Saint Alphonsus Health System

Frequently Asked Questions About Knee Replacement

What is knee replacement?
Knee replacement surgery involves removing or resurfacing parts of the thighbone, shinbone or kneecap and putting in a prosthesis made of metal and plastic to cover raw, arthritic bone ends. It replaces cartilage that has worn away over the years. Knee replacement can help relieve pain and restore normal activity that may have been abandoned when pain became to great. It may also be able to help straighten legs that, over the years, may have become bow-legged or knock-kneed.

Who should have a knee replacement?
When severe pain limits your everyday activities, such as walking, going up and down stairs and getting in and out of chairs, it may be time to consider knee replacement surgery. Other reasons to consider knee replacement surgery include moderate to severe knee pain while resting, swelling of the knee that remains unchanged with rest and medication or the inability to bend and straighten the knee.

Is there an alternative to knee replacement?
Knee replacement surgery may be recommended only after careful diagnosis of individual joint problems. Other treatment options can include medications, injections, physical therapy or other types of surgeries.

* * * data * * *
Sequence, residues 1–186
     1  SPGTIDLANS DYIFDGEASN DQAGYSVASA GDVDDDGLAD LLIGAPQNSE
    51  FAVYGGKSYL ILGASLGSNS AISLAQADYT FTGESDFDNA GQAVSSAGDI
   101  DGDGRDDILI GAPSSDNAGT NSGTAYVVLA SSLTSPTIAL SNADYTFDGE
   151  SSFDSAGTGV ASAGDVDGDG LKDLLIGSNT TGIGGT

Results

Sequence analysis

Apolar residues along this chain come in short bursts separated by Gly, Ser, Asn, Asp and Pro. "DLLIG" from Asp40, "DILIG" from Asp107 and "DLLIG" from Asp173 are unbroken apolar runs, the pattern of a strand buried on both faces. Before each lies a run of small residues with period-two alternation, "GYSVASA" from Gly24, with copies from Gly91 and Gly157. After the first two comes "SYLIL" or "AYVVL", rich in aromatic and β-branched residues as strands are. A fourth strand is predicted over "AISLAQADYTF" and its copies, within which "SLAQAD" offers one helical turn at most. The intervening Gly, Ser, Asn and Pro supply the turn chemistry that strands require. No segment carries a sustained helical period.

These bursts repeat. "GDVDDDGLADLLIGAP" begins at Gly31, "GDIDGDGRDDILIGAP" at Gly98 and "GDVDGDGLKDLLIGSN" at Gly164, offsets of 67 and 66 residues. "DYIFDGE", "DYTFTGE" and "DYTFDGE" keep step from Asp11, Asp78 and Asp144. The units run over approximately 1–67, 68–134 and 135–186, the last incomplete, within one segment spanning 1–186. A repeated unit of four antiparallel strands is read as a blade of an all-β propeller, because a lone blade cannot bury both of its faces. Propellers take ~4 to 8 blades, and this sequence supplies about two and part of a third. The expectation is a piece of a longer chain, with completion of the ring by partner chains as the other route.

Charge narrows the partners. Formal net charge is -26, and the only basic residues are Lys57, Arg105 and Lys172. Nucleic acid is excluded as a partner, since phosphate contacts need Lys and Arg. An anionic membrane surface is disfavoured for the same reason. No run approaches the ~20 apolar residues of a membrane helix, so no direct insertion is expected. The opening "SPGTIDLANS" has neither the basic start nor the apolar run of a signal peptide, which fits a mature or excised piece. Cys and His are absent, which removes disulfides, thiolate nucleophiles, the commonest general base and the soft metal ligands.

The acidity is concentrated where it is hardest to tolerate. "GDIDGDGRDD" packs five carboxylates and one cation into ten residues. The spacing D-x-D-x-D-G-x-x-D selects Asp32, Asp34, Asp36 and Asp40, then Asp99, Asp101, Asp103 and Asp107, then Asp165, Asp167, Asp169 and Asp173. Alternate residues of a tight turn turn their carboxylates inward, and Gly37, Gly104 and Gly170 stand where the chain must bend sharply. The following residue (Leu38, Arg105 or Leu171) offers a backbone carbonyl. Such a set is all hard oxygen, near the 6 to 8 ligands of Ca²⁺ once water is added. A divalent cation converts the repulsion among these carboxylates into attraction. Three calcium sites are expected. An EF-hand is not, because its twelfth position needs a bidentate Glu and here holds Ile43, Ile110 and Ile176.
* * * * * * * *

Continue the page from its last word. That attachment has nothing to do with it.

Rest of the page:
Should my knee replacement be cemented?
Knee replacements may be successfully performed with all cemented components, as well as with a combination of uncemented and cemented components, as determined by the surgeon.

How long is the hospital stay?
Most knee replacement patients begin walking and knee movement the day after surgery. It is important to begin moving after surgery to re-establish blood flow. This helps to prevent blood clots and swelling from forming in your legs, which can occur from lack of activity. With the structured program in the Saint Alphonsus Joint Care Center, most patients with knee replacements are ready to go home or to an out-patient rehabilitation center in three days.

How long is recuperation?
Recovery varies with each person. Most patients need a walker, crutches or a cane for three to six weeks, resume normal light activities of daily living, including driving, in three to six weeks and experience complete recovery within three to six months.

Are there complications?
As with any surgery, there is a risk of complications after hip replacement surgery. However, they are relatively rare. Blood clots are the most common complication after surgery. Every measure is taken to prevent blood clots from forming in your legs, including special support hose, inflatable leg coverings and blood thinners.

What about pain?
Thanks to advances in medication technology and the in-patient pain team at Saint Alphonsus, we are able to keep you relatively comfortable after surgery.

More Information
For more information on knee replacement surgery at Saint Alphonsus, please call 208-367-7015.